4. Then what are you, my God? What are you, I ask, except God the Master? Who is a master except—­the Master? Or who is a god except our God? The highest, the most excellent, the most powerful, all-­powerful beyond all-­powerful, most merciful and most just, most remote and most present, most beautiful and most powerful, unmoving but ungraspable, unchangeable but changing everything, never new, never old, but making all things new while leading the arrogant into decrepitude, though they are unaware of it. You are always active and always at rest, gathering in but not in need, carrying and filling and protecting, creating and nurturing and bringing to fulfillment, searching though you lack nothing. You love, but you do not burn with love, you are jealous yet carefree, you repent but you do not grieve, you are angry yet serene, you change your works but you do not change your plan, you take back what you find but have never lost. You are never poor, but you rejoice in what you gain, never greedy, but you exact interest; more is paid to you than owed, but the result is that you owe us. Yet who has anything that doesn’t belong to you? You pay your debts though you owe no one, you remit your debts but lose nothing. And what have we said now, my God, my life, my holy sweetness, or what does anyone ever say in speaking of you? But woe to those who are silent about you; however garrulous they are in general, they are mute about what counts.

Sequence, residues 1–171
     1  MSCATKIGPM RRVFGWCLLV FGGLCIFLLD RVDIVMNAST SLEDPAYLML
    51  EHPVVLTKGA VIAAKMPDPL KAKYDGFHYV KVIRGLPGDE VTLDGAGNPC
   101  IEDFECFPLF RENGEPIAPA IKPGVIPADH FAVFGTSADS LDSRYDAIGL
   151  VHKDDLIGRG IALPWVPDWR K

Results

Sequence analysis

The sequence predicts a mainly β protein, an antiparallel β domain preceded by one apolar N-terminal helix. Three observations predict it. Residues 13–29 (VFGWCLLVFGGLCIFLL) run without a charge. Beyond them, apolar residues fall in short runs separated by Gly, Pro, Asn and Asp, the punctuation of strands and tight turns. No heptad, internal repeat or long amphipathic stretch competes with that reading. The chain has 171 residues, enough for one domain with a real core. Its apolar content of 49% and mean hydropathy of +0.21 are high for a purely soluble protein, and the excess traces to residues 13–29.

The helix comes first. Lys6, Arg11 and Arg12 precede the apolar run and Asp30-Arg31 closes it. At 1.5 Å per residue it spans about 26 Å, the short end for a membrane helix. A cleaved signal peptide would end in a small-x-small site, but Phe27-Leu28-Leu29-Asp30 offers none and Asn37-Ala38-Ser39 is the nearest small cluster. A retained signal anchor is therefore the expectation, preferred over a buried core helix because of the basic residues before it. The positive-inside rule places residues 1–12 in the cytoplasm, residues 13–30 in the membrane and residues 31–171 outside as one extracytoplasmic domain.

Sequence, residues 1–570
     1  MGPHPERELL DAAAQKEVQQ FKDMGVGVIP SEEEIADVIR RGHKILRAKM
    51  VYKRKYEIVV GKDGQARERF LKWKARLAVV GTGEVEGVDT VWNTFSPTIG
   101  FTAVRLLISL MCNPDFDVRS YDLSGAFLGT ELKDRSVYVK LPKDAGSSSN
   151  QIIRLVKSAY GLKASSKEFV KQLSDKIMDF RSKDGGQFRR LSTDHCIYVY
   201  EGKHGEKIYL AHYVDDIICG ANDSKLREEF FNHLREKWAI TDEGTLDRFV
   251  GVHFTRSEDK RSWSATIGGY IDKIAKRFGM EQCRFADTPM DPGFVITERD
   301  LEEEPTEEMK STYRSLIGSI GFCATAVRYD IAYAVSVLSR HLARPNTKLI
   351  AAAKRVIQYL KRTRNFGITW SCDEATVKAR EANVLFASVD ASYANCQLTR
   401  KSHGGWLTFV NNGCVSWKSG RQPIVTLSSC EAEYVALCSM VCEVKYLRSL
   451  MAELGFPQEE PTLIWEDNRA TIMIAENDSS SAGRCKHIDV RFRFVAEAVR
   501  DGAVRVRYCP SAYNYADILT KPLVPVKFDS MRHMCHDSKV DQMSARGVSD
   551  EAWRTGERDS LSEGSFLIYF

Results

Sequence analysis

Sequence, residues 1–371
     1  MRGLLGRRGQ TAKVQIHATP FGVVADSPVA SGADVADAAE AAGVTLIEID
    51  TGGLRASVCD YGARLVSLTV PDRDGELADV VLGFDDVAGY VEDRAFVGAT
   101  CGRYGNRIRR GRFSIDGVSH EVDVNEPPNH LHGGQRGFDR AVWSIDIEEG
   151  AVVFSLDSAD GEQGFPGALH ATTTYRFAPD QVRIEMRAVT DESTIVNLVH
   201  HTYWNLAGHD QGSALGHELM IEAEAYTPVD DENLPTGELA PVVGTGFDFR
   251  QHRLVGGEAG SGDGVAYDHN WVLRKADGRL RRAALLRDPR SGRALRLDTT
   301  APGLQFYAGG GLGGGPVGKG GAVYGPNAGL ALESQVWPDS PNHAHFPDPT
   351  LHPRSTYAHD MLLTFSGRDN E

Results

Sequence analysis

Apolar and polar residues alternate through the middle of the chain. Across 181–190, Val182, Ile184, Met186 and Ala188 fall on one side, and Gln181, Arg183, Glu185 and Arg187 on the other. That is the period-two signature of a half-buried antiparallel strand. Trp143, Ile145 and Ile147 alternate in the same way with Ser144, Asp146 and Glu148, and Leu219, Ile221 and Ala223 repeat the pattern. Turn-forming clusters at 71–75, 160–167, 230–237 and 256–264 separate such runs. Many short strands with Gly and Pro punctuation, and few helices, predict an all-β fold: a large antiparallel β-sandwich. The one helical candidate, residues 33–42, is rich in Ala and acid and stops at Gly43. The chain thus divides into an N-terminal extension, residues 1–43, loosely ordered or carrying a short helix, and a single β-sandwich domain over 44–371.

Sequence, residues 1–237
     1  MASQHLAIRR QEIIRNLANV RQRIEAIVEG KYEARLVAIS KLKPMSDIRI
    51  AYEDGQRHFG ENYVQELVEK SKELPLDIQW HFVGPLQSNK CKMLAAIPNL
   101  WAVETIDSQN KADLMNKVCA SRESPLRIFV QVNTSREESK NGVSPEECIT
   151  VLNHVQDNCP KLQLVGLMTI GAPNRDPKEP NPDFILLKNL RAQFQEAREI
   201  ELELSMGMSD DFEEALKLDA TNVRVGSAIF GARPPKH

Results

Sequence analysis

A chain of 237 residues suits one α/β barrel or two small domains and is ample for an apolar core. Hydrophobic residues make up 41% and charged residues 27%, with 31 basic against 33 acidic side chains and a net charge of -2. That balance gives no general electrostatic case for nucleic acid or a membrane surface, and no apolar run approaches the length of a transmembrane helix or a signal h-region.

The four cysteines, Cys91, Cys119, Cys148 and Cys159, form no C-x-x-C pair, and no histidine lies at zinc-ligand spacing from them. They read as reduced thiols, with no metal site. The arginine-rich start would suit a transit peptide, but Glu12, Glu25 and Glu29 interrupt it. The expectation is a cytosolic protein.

5. Who will grant me repose in you? Who will grant your arrival in my heart and the drunkenness that comes from you, making me forget the evils that are mine and embrace the single good that belongs to me, which is you?

Have pity on me and let me speak. What am I to you, in myself, that you command love for yourself from me?—­but unless I give it to you, you inveigh against me and menace immense miseries. Is my misery a petty thing if I don’t love you? Pitiful me, in that case!